Wednesday, 11 January 2012

The Northern Quarter Restaurant Revisited - Manchester

As an avid eater I'm forever hunting out new places to eat, being thrown new concepts by restaurateurs desperate to find the next big thing and picking my way through cuisines like a traveller in a Lonely Planet guide.

Sometimes, you need something familiar. Somewhere you know, somewhere with no nasty surprises and somewhere that delivers consistently good food. For my first few years in Manchester this was The Northern Quarter Restaurant - a light and airy space overlooking the historic fishmarket, the restaurant taking it's name from Manchester's independent and bohemian area just off the city centre.

The Northern Quarter Restaurant - with thanks to touchvipcard.com

My first meal here was exquisite - starting out on my foodie quest, having just learnt to cook imaginatively for myself, I relished the modern British cuisine and their quirky take on traditional dishes, coupled with understated presentation and graceful service.

Over the years I have returned regularly, greeted by familiar faces and familiar dishes on the menu- however a couple of years back this cosy, special relationship began to sour. Staffing because sloppy and  waiting for everything became a regular frustration. Dishes came out cold, under seasoned, small - the list of misgivings became endless. Like a dying relationship I kept trying, blaming myself; but countless friends noticed the difference and it looked like The Northern Quarter and I were no more. (read about it here).

With trepidation I returned the other day on the insistence of a family member who, even through the bad days has stuck close to The Northern Quarter Restaurant like a true and faithful friend. I am happy to report, things look like they're turning the corner.

Smoked haddock scotch egg

Mussels with wheat beer were soft and well cooked, the portion size pretty generous- prices aren't cheap here, so a large plate of food is a bonus. Chicken livers on brioche with grapes was a warm hug of a dish, the soft livers pink and faintly metallic with a thick sauce soaked into the brioche. A smoked haddock and egg dish came out beautifully presented as a scotch egg, grown-up nursery food at it's quirky best. Pigeon salad was a little lack lustre, I expected a lot of pigeon for £6.25, but it seemed like one small breast sliced and it was pretty dry to boot.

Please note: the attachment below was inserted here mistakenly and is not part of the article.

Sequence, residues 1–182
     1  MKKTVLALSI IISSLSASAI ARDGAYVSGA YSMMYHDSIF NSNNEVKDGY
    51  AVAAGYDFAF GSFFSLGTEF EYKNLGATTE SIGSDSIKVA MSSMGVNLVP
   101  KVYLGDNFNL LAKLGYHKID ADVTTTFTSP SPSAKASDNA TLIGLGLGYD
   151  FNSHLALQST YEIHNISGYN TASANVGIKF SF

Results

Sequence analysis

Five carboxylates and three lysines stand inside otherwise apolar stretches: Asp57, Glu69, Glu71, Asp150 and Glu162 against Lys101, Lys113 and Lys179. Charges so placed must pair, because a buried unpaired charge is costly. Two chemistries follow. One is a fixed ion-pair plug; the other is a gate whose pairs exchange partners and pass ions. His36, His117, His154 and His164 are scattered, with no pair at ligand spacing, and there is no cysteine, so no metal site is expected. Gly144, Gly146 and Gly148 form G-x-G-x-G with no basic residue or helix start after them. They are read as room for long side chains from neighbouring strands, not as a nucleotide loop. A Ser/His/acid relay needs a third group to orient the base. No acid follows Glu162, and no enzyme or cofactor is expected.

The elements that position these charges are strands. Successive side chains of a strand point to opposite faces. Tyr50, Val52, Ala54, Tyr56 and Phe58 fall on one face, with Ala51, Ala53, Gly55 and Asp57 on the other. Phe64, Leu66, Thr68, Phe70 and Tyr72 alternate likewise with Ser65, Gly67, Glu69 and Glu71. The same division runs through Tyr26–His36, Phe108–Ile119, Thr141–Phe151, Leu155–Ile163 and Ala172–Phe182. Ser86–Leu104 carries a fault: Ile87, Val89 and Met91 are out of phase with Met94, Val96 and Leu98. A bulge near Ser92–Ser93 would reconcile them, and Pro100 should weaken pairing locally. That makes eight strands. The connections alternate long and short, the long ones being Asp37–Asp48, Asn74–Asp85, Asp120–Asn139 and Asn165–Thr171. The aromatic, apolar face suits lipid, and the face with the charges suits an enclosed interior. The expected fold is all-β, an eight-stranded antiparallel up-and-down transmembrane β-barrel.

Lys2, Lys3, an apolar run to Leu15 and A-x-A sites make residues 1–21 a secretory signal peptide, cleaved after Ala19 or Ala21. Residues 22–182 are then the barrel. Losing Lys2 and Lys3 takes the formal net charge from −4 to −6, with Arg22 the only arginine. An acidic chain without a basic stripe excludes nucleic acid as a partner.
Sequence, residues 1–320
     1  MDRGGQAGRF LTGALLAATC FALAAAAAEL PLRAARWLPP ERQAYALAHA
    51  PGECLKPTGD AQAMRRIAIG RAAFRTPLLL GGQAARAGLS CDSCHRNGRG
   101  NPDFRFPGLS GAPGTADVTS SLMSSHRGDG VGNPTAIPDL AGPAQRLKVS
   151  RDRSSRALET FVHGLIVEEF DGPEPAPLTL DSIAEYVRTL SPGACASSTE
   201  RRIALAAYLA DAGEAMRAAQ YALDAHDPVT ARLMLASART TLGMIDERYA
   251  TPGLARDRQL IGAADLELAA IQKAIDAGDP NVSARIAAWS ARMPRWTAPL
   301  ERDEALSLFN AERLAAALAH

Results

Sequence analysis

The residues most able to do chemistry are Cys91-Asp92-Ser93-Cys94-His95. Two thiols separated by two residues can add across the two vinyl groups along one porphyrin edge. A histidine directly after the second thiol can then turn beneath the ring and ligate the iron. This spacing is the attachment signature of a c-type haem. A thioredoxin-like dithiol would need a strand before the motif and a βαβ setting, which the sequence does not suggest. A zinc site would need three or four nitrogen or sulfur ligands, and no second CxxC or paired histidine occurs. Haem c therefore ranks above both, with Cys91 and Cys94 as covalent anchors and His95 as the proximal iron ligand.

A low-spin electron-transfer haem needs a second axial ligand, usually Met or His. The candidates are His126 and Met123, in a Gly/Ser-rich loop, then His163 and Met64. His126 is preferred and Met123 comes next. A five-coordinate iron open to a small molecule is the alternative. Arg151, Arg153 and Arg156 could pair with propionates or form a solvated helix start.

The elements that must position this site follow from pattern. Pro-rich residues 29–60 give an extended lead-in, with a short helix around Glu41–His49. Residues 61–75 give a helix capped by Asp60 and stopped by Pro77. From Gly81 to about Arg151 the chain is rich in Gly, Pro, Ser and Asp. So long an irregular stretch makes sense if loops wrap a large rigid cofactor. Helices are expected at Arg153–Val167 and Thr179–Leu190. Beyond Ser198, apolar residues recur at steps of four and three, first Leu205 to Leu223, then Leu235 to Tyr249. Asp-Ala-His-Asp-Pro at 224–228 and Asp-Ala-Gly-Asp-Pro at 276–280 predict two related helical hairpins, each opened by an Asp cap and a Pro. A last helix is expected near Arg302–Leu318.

Chicken livers on brioche

Main of sea bream was just cooked to perfection and hinted of spring to come with top notes of lemon and dill sauce softening the spiky saltiness of the added olives. Roasted suckling pork loin with blackpudding croquettes was fragrant, sweet and warming; paired with sharp apples and sage it was a classic porky pairing that hit all the right notes. Again there were a few off dishes, the most notably the venison casserole which was great, thick, warming and with a wonderful smoked garlic mash. But at £19.95 the portion was small, the meat a little dry and I can't remember the last time I've ever been asked for 20 quid for a casserole.

Sea bream

The Northern Quarter Restaurant won't blow your socks off, but you will normally get a plate of mainly great, unsurprising food and it seems the service problems have been ironed out. It's good to see The Northern Quarter on the way back up to it's old, familiar standards; a few extra tweaks and I'll be back every week.

Price for four starters and four mains: £98.65

Food - 7/10
Atmosphere - 8/10
Service - 8/10
Value for money - 6/10

Total - 29/40

Go again - Yes, it's a familiar friend but it does have it's flaws. Some of the dishes weren't up to par and the prices are a little high, even for the city centre.

The Northern Quarter Restaurant, 108 High Street, Manchester M4 1HQ - 0161 832 7115 - facebook - twitter

http://www.tnq.co.uk/

Northern Quarter on Urbanspoon